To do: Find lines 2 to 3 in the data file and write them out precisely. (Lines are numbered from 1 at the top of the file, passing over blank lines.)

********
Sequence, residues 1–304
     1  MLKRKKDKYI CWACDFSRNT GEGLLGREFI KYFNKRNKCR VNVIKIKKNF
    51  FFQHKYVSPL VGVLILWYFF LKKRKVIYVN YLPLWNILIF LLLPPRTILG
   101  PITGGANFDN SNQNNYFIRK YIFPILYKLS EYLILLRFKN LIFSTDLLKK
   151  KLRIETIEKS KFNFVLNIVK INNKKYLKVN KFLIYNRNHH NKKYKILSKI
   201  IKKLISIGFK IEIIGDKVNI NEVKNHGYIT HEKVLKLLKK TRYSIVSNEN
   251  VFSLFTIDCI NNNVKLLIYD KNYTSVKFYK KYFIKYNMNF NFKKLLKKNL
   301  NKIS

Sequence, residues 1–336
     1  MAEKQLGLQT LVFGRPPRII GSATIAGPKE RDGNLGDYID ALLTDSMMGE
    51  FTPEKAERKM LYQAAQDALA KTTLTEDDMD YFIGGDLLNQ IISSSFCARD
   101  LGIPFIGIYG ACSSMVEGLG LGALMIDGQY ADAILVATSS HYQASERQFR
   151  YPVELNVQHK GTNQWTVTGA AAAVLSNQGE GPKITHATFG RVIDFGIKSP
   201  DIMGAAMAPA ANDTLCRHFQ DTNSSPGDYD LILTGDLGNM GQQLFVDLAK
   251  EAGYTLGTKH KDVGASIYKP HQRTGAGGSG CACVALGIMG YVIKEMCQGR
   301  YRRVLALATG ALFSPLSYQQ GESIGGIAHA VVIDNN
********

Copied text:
     1  MLKRKKDKYI CWACDFSRNT GEGLLGREFI KYFNKRNKCR VNVIKIKKNF
    51  FFQHKYVSPL VGVLILWYFF LKKRKVIYVN YLPLWNILIF LLLPPRTILG